You must make arrangements to have the package move from the PIS to your final destination as a domestic movement. There are many options to deal with this but you can pick up the plant material or arrange to have it delivered via an open contract with an accounting code. I for one don't think the tax payers should pay for it. Some feel differently, but usually when an importer is making a profit or seeking pleasure from that plant material, the postage is the price of business. In a Majority of the situations the tax payers front the bill for salary, building and operational costs of the PIS. There would probably fewer imports if a fee was charged for that service on top of postage, but at this point in time it is still free to take advantage of.
I'm sure that many would disagree. But how many people engaged in business for profit feel like they should do work for free because that would be cheaper for their customers? 
I'm not too sure about the Regan stuff or the conspiracy stuff, I'm sure those that believe in it have better contacts in the Government than I do. But the bottom line is pay for the services rendered. Ask your supplier what address they are paying the delivery to.

On the note about finding plant material that is not addressed to the PIS,  be aware that some gets through. The postage, carriers  and such are not staffed sufficiently to look at 100 percent of the boxes. Stuff gets through. But the odds are eventually plant material is found. And often destroyed by DHS when the address on the  package is not to a PIS when it's required to go to a PIS. Usually, from the people that call me to fix their problems like that- it's usually when you really wanted or needed the plant material or it's usually the rare stuff that always gets stopped. One calculates the risk and then makes personal judgments accordingly.

Personally when I ship internationally, I provide the labels to my supplier, and I have a copy of the FeEx account and have a separate label with my final destination that the PIS Staff will put on the box  after the inspection is concluded. I pay to have it delivered to me as a domestic movement.

"As far as I know the only USDA inspection office that requires the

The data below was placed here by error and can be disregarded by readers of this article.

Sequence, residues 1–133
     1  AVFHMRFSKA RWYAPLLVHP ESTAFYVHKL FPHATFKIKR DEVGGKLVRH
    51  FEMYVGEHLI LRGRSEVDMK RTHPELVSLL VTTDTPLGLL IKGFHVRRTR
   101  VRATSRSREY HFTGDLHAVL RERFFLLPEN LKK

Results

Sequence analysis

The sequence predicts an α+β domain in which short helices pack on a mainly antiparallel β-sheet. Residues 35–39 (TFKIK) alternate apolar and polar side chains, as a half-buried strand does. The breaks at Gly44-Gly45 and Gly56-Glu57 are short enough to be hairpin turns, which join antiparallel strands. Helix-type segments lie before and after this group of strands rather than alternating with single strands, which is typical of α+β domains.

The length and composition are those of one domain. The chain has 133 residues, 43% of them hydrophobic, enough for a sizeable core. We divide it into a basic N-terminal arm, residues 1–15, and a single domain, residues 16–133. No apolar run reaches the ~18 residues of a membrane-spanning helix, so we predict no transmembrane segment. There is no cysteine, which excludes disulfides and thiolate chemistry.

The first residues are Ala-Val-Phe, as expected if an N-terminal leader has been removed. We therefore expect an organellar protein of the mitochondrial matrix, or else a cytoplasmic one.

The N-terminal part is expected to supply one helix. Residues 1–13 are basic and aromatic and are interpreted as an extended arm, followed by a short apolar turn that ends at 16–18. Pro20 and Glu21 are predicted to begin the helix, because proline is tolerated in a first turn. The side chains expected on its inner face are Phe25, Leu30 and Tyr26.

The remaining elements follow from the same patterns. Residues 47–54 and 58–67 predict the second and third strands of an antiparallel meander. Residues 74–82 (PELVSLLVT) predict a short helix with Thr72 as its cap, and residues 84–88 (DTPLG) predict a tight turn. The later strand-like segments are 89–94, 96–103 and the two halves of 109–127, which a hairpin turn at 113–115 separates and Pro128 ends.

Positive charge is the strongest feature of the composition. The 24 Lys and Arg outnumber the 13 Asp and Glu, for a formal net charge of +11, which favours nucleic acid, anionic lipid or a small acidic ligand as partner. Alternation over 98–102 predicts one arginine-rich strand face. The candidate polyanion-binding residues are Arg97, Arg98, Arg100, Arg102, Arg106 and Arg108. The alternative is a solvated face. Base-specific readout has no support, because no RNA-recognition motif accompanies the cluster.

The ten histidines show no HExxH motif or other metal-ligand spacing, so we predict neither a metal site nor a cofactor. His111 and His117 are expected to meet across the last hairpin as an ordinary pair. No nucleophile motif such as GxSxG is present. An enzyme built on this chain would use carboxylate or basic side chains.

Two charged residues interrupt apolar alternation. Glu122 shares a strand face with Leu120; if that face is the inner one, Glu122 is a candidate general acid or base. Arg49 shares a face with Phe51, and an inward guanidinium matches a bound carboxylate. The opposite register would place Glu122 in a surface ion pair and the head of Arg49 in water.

additional postage as you mentioned, is at Hawthorne, California.
This is not because of the USDA policy, but because the postmaster at
Hawthorne is not allowing the shipments to be forwarded without extra funds"

Unfortunately, Miami post office interpreted the rules the same way. I had to pay for extra postage from FL to NC and no amount of argument changed their position.

This is because the exporter paid from Foreign to Miami not to NC because the address on the box was FL not NC. Who is suppose to pay for the difference from FL to NC? If the exporter charged you to go from foreign to NC How did the carrier know to drop it off via Miami. When the plant material is at the PIS and the carrier says here is not enough postage to go from Miami to NC I don't think the PIS inspector should open their wallet to pay for the difference, nor should the taxpayers. 

In the chain of emails, Byron looks as this as paying postage twice, where Paul is really right on about how the system works- 
We tried to make this information available. Really, were not trying to hide what we know. Our intent is not to prevent anyone from importing.…  look for Circular PPQ Q.37-2 12/ 2007 see # 5 The importer should make the necessary shipping arrangements that ensure plant materials under permit are delivered for inspection to a USDA plant inspection station. Movement of restricted plant material from the plant inspection station to the final destination is also the responsibility of the consignee and/or broker.
Failure to accept these responsibilities may result in costly delays at the port of entry and/or loss or deterioration of plant material,

...Regardless of the address on the green-and-yellow mailing label, the plant materials for propagation will be cleared at the first U.S. port of arrival which has an inspection station....…

I hope some of this is useful information.